Mark Leuchter, «Jeremiah’s 70-Year Prophecy and the ymq bl/K##Atbash Codes», Vol. 85 (2004) 503-522
Jeremiah’s famous 70-year prophecy (Jer 25,11-12; 29,10) and
the atbash codes (Jer 25,26; 51,1.41) have been the subject of much
scholarly discussion, with no consensus as to their provenance or meaning. An
important inscription from the reign of Esarhaddon suggests that they be viewed
as inter-related rhetorical devices. The Esarhaddon inscription, written in
relation to that king’s extensive building program in Babylon, contains both a
70-year decree and the Akkadian Cuneiform parallel to the Hebrew Alphabetic
atbash codes, claiming that the god Marduk had inverted the 70-year decree,
thus allowing Esarhaddon to rebuild the city. This inscription was likely well
known to the members of the Josianic court and the elite of Judean society who
were carried off to Babylon in 597 B.C.E. This suggests that Jeremiah’s 70-Year
prophecy and the atbash codes were employed to direct the prophet’s
audience to the Esarhaddon inscription and its implications with respect to
Babylonian hegemony as a matter of divine will.
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510 Mark Leuchter
Esarhaddonâ€™s inscription legitimizes his building policy in
Babylon, an effort geared to secure Assyrian hegemony through
diplomacy in sharp distinction to the actions of his father Sennacherib,
who devastated the city in 689. Commencing the building program 11
years after Sennacherib completed his campaign, the inscription
establishes the divine ordination of Esarhaddonâ€™s efforts, making him
the bearer of Mardukâ€™s will and presenting the building policy as the
restoration of Babylonâ€™s sanctity (23). The manner in which this process
is realized is through a literary feature of the inscription itself, with the
cuneiform symbol representing the number 70 inverted to appear as
the symbol representing the number 11. Though it is clearly a text
generated by Esarhaddonâ€™s court scribes, the impetus of inversion is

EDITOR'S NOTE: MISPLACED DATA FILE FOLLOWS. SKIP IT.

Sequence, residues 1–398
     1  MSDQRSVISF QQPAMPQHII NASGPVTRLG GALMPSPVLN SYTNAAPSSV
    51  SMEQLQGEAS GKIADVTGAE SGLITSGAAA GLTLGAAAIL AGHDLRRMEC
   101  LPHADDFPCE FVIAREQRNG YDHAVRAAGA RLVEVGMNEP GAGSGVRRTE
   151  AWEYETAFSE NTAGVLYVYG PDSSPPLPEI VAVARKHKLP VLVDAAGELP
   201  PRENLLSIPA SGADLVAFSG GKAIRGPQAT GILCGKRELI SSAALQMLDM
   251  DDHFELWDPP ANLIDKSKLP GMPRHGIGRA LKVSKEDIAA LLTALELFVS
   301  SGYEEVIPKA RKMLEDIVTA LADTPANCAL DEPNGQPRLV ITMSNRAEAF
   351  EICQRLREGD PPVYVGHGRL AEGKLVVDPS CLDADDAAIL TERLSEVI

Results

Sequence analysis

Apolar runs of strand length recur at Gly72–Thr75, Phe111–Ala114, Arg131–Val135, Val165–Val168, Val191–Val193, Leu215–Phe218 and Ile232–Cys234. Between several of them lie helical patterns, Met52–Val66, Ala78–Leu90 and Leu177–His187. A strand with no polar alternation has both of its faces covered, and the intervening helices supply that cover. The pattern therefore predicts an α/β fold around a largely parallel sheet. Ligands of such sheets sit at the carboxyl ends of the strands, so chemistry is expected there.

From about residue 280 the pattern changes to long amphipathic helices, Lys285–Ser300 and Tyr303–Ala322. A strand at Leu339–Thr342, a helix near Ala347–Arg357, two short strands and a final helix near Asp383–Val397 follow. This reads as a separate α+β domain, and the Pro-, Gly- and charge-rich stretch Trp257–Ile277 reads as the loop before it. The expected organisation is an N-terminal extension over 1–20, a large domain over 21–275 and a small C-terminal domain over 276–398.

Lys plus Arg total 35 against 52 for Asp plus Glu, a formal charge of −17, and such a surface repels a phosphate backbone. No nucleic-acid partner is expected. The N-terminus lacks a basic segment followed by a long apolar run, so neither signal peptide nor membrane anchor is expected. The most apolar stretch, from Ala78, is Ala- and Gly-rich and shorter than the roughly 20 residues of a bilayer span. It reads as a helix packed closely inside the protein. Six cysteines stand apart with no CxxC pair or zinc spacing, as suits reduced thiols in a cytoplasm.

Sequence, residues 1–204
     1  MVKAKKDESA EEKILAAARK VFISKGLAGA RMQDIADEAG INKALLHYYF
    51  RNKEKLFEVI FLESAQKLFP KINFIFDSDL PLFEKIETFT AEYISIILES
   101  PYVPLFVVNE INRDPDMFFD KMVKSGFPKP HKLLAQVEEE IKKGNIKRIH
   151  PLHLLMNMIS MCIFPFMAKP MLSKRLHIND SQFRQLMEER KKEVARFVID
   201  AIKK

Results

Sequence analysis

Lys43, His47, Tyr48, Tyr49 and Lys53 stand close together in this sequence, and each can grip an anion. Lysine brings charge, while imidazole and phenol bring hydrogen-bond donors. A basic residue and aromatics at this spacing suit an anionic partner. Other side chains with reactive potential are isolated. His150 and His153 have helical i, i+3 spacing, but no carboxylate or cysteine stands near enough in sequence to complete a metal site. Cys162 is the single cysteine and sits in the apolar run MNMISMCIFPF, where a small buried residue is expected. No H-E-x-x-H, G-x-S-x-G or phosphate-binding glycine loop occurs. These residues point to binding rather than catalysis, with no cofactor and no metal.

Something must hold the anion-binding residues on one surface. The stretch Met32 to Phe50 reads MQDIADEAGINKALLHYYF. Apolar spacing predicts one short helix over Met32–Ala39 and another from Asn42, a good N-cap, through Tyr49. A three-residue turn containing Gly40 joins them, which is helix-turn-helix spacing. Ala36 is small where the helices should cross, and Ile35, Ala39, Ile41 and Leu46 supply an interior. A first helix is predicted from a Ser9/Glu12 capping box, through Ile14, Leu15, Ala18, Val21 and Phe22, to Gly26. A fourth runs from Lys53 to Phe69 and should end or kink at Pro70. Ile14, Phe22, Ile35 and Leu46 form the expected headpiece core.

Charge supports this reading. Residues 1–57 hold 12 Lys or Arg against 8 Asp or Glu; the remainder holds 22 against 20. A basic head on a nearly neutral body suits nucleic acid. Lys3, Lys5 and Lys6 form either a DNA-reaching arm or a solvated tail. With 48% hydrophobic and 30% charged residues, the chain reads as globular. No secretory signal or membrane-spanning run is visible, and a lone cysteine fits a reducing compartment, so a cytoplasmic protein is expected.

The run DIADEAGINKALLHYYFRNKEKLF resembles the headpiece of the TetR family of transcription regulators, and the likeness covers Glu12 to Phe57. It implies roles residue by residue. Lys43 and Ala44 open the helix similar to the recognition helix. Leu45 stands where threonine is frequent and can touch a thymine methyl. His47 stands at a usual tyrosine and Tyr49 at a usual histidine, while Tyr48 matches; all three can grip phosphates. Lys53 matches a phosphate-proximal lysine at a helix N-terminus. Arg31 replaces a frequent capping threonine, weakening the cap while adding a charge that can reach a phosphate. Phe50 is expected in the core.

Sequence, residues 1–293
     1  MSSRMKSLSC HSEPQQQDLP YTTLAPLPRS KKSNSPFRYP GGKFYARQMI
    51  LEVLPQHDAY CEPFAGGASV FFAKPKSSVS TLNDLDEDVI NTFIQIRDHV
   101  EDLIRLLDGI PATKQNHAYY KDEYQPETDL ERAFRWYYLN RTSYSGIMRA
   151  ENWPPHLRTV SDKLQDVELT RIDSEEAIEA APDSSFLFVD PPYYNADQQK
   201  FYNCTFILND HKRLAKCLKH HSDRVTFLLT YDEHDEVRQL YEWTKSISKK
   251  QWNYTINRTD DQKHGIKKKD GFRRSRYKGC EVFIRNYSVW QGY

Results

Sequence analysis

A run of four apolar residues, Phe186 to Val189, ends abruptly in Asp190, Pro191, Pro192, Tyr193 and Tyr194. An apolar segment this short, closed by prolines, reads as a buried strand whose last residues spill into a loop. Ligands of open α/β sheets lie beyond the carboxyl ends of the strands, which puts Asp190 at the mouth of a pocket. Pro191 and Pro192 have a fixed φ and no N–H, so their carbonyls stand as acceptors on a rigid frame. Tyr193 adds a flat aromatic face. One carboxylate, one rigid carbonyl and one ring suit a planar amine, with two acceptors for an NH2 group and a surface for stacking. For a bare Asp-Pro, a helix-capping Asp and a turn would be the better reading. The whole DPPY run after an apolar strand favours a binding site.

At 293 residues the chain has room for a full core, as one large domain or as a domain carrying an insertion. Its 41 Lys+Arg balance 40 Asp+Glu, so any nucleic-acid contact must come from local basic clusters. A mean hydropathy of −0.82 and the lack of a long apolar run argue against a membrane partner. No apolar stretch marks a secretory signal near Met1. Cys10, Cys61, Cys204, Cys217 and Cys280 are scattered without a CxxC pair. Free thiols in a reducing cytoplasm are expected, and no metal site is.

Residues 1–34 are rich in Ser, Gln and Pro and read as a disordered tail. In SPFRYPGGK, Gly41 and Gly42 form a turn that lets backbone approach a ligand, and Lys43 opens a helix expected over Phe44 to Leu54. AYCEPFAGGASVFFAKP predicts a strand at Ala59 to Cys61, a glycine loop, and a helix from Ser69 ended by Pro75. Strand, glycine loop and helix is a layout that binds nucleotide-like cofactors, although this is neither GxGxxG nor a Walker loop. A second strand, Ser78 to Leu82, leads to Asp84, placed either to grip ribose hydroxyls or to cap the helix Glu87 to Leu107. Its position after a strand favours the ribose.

ascribed to Marduk himself (24).
Esarhaddonâ€™s inscriptions (such as the one cited above) dramat-
ically re-envisioned the relationship between Assyria and Babylon,
two nations of a common culture that nevertheless had battled each
other for centuries regarding political dominance in Mesopotamia.
Whereas Esarhaddonâ€™s predecessors had attempted to subdue Babylon
by force â€” and Sennacheribâ€™s devastation of the city in 689 provides
the classic example of this long standing policy â€” Esarhaddonâ€™s great
innovation rested in an attempt to unify the political and religious
predilections of the two nations under his auspices. Though the
inscriptions geared for his own Assyrian audience deploy the prideful
language typical of Akkadian monarchic self-aggrandizement, the
related texts meant for Babylonian audiences attempted to mend the
rift by suggesting that Esarhaddon represented their best interests (25).
It is difficult to avoid seeing uncanny similarities between
Esarhaddonâ€™s inscription and the Jeremianic material under considera-
tion. Both texts deal with a divine decree concerning a 70-year
repression, and both texts rely upon scribal methodology to invert the
decree. In the case of the Esarhaddon text, the inversion takes place
with the cuneiform symbol itself; the atbash code in the Jeremianic
text represents an analogous method applied to the Hebrew alphabetic
(23) The theological and propagandistic aspects of this passage have been
discussed by L.K. HANDY, â€œThe Role of Huldah in Josiahâ€™s Cult Reformâ€, ZAW
106 (1994) 40-46.
(24) HANDY, â€œThe Role of Huldahâ€, 41-42.
(25) For a detailed analysis of Esarhaddonâ€™s diplomatic policies, see B.N.
PORTER, Images, Power Politics. Figurative Aspects of Esarhaddonâ€™s Babylonian
Policy (Philadelphia 1993).